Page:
Thursday 26 January 2017

Elemeno Pocket Joggers - My New Favourite Kid's Pattern

Last year (sounds like ages ago doesn't it?!) I was contacted by the designer of Elemeno patterns, a small-but-growing children's sewing pattern range, to see if I'd like to try out and review one of their styles. Dolores has grown out of their size range (2T-3T is the largest size), and knowing that I was due to have a little boy, I asked to try out the Pocket Joggers pattern as I thought I'd find it the most useful.


The Pocket Joggers are very similar to my former favourite kids pattern: some dropped crotch joggers from Ottobre Design, except these have pockets and a separate waistband piece (rather than an elasticated waist). I like that the pocket mouths, waistband and cuffs offer lots of options for contrast fabrics.

But the best things of all? It is possible to make these entirely with an overlocker/serger! I didn't get my regular sewing machine out once, which was great because I made these whilst I was heavily pregnant and wanted to keep lifting machinery to a minimum. There is the option to topstitch the pocket bags to the front trouser pieces to keep them in place which would require a regular sewing machine, but I didn't do that on these.

I made a variety of sizes: the white anchor ones are 0-3 months, the blue arrow fabrics ones are 3-6 months and 6-12 months, and the floral print are 2T-3T. The pattern seemed well drafted and the construction was quick and simple.


Knit fabric is required for this pattern, however it is important to choose a knit with an elastane/lycra/spandex content. I found this 100% cotton rib anchor print T-shirt in a charity shop for £3.50. I was so into using it for this project but found that the waistband stretched out after a couple of wears. I dealt with it by unpicking a little bit and inserting some elastic, but hopefully the other pairs won't require that. My prediction is that a fabric waistband may not hold up quite as well as an elastic one, but will probably be more comfortable to wear, making these potentially fantastic pyjama bottoms too.

The blue arrow and floral print (now out of stock) fabric are from knit-specialists Girl Charlee, both of which I had left over from making Cordelia maternity camisoles. The larger of the blue arrow trousers and the floral ones were made as gifts, although sadly the little boy's legs were too chubby for the arrow ones so they've been re-gifted back to Frankie! 


Looking at these pictures I'm reminded of how hot and uncomfortable I was in my last few weeks of pregnancy when I made these. Thankfully, this pattern is such a quick and easy make that I was able to be pretty productive despite my disposition! It's a great scraps-and-small-pieces buster too. I'd like to try making them in a crazy mash up of different prints. Also, I feel strongly that kids should be comfortable and unrestricted by their clothing. So for all these reasons, I imagine I'll be returning to this pattern often. What's your favourite kid's sewing pattern?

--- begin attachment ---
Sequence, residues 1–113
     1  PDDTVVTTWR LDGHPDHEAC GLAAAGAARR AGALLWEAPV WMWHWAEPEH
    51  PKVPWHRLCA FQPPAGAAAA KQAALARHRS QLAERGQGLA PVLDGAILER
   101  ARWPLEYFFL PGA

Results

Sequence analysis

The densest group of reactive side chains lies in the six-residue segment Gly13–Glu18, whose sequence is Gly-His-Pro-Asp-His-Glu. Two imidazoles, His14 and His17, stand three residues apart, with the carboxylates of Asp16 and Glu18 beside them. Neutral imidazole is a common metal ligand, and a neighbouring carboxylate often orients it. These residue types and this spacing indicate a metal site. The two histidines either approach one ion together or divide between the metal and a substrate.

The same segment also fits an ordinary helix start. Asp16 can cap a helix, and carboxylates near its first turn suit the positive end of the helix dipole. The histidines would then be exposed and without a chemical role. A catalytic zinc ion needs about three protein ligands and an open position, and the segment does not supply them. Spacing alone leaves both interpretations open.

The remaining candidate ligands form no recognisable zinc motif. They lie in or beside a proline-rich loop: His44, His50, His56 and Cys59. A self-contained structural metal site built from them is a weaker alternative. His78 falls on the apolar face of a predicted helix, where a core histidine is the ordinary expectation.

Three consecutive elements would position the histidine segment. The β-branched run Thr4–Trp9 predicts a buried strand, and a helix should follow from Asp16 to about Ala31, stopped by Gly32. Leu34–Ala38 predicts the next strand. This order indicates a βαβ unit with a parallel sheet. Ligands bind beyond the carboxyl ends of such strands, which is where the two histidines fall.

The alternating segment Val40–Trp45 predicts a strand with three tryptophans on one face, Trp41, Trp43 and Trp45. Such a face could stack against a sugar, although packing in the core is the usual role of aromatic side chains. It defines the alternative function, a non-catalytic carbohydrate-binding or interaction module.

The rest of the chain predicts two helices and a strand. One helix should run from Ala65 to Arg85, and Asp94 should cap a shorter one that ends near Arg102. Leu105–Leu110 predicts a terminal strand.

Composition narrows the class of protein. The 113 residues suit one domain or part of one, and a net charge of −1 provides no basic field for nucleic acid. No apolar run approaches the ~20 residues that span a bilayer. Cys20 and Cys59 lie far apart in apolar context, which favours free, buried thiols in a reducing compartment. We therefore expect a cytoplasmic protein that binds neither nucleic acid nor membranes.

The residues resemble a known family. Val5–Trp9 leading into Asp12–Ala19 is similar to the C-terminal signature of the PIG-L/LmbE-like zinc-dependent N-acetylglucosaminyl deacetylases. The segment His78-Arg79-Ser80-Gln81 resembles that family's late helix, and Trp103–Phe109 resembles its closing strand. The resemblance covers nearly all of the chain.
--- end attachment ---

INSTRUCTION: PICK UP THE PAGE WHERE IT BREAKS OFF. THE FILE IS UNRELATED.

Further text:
Thursday 19 January 2017

Breastfeeding Agnes Tops

A few years ago I wrote this tutorial/pattern hack for making a breastfeeding/nursing-friendly knit top. I based that tutorial on the Tilly and the Buttons Coco pattern, but in hindsight what the tutorial was really waiting for was Tilly's Agnes jersey top pattern, which was released after I wrote it. The closeness of the fit of the Agnes is much better suited for the type of 'access' the tutorial creates, and shortly after the birth of my second child in October 2016, I set about to prove it. 

I prepared my Agnes top pattern pieces as per the tutorial: making two front pieces instead of one with an overlap. This time I had to make the overlapped section lower than my breastfeeding Coco top, because the effects of breastfeeding and three more years of gravity sadly made it necessary! 

For my first version I used some of this cheetah print jersey, which was kindly sent to me by Girl Charlee. I love the neon green in it, which has pushed me slightly out of my stylistic comfort zone. The fabric itself is the perfect weight for an Agnes: fairly light-weight with excellent stretch and recovery. I also love that the print is performing a cheetah skin's original task of camouflaging, and you can barely see the edge of the overlap at all. 

I've been wearing the cheetah print top almost constantly from the day it left the sewing machine, so another version was clearly on the cards. Not wanting to splash out on fabric for a top that I'll probably only wear for a year or so, I hunted through my stash for a suitably sized piece of knit. This super soft striped interlock is lovely to touch and feels great to wear, but not as ideal as the cheetah print in other ways. 

Firstly, the overlap on the front is much more obvious, which might make it look a little weird to some, especially those who haven't figure out that it's there for boob-access. Secondly, I should have made the neckband shorter than the pattern piece because it doesn't lie flat. There's no elastane/lycra/spandex content to this interlock to help it spring into shape. It doesn't help that I tend to shove my hand down the neckline of these tops to unclip my nursing bra (TMI? Don't care).